Investors have been speculating for years about who would step in once Buffett, who is 90, and 97-year-old vice chairman Charlie Munger retire. Most assumed Abel, who runs Berkshire's non-insurance business, and Ajit Jain were the most likely candidates.
On Saturday, Munger inadvertently provided the answer. Speaking at Berkshire's annual meeting, Munger said he is confident "Greg will keep the culture" that he and Buffett have put in place well after the duo are gone.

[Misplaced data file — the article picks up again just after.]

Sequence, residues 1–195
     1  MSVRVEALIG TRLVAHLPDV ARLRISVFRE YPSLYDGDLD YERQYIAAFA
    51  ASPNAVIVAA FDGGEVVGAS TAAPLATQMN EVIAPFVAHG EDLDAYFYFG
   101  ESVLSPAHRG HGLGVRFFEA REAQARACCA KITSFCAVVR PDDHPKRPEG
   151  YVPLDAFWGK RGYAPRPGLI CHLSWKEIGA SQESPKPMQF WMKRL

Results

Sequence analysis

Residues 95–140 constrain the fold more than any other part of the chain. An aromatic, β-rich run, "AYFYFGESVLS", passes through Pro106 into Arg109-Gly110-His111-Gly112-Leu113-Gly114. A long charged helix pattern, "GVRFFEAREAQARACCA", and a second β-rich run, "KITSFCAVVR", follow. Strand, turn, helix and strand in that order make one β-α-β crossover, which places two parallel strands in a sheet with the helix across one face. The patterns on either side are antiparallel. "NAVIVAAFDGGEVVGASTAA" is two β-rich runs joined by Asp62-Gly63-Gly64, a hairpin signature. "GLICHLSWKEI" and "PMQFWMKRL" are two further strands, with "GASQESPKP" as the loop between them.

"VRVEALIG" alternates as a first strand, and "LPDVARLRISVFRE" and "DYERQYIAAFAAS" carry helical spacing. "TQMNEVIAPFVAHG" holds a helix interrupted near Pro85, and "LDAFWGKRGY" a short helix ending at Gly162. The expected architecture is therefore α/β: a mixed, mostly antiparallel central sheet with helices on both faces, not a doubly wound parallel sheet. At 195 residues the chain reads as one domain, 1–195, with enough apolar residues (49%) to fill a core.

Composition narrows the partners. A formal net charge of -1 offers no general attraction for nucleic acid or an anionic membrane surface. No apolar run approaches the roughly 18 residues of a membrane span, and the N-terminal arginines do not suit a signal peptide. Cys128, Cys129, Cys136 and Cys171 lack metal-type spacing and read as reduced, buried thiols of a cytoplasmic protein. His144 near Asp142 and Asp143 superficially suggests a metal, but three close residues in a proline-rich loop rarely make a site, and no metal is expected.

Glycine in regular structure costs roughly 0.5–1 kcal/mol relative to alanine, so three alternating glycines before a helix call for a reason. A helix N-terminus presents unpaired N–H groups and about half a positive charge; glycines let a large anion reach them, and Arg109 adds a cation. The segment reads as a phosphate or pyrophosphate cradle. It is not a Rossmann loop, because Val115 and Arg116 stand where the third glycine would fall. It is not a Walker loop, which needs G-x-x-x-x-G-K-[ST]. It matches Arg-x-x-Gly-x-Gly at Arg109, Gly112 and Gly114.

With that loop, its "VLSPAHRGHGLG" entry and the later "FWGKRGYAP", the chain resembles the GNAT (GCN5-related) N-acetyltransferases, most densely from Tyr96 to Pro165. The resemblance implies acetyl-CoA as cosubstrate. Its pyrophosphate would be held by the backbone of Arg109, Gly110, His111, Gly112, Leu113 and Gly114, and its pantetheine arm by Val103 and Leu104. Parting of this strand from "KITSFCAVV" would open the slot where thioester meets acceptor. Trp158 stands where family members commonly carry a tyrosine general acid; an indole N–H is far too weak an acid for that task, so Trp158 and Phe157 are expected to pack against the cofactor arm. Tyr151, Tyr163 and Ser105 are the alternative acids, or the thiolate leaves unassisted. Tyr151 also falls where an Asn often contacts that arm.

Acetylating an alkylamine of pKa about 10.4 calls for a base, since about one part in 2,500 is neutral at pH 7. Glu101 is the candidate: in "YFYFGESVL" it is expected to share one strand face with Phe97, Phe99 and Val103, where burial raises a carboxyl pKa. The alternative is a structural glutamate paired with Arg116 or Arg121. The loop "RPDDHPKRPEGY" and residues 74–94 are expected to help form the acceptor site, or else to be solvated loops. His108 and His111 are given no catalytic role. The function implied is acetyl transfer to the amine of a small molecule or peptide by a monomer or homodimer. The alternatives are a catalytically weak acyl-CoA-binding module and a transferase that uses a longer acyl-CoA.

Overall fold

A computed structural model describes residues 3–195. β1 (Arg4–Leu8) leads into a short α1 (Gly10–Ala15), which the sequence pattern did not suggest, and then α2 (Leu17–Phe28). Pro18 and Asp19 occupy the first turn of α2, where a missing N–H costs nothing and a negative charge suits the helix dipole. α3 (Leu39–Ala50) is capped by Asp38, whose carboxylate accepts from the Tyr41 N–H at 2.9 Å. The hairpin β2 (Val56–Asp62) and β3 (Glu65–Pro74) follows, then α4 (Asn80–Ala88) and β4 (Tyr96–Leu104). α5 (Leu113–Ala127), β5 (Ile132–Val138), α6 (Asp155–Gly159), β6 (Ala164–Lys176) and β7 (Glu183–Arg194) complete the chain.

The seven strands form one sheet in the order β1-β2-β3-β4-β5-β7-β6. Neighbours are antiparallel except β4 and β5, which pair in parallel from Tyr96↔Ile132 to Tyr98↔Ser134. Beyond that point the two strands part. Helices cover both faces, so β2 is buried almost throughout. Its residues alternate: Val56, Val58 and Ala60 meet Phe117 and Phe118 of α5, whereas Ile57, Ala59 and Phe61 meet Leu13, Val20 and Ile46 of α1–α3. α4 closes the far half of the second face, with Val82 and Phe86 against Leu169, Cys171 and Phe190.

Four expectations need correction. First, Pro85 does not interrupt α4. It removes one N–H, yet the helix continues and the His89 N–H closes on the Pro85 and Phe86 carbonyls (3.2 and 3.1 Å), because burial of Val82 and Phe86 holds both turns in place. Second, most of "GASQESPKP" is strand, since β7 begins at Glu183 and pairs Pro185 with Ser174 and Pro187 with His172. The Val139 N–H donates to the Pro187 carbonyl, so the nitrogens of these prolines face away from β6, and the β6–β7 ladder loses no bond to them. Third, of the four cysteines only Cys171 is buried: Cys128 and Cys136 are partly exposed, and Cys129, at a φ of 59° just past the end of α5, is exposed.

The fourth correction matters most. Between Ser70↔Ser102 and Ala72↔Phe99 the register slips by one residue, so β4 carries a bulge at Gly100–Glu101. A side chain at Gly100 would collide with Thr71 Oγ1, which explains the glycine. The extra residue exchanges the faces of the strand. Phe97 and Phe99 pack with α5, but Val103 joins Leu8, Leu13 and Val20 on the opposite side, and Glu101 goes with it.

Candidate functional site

On Monday, Buffett confirmed on CNBC that Abel was the choice, saying that "the directors are in agreement that if something were to happen to me tonight, it would be Greg who'd take over tomorrow morning." Buffett also praised Jain, who runs Berkshire's insurance operations, saying, "If, heaven forbid, anything happened to Greg tonight, then it would be Ajit."
Abel and Jain were both promoted to vice chairmen in 2018, and observers have assumed that the two were the primary candidates to one day take over. While Jain runs Berkshire's core insurance businesses, which provide the capital and fuel that make the conglomerate tick, Abel arguably has a broader view of the global economy and different industries through his position.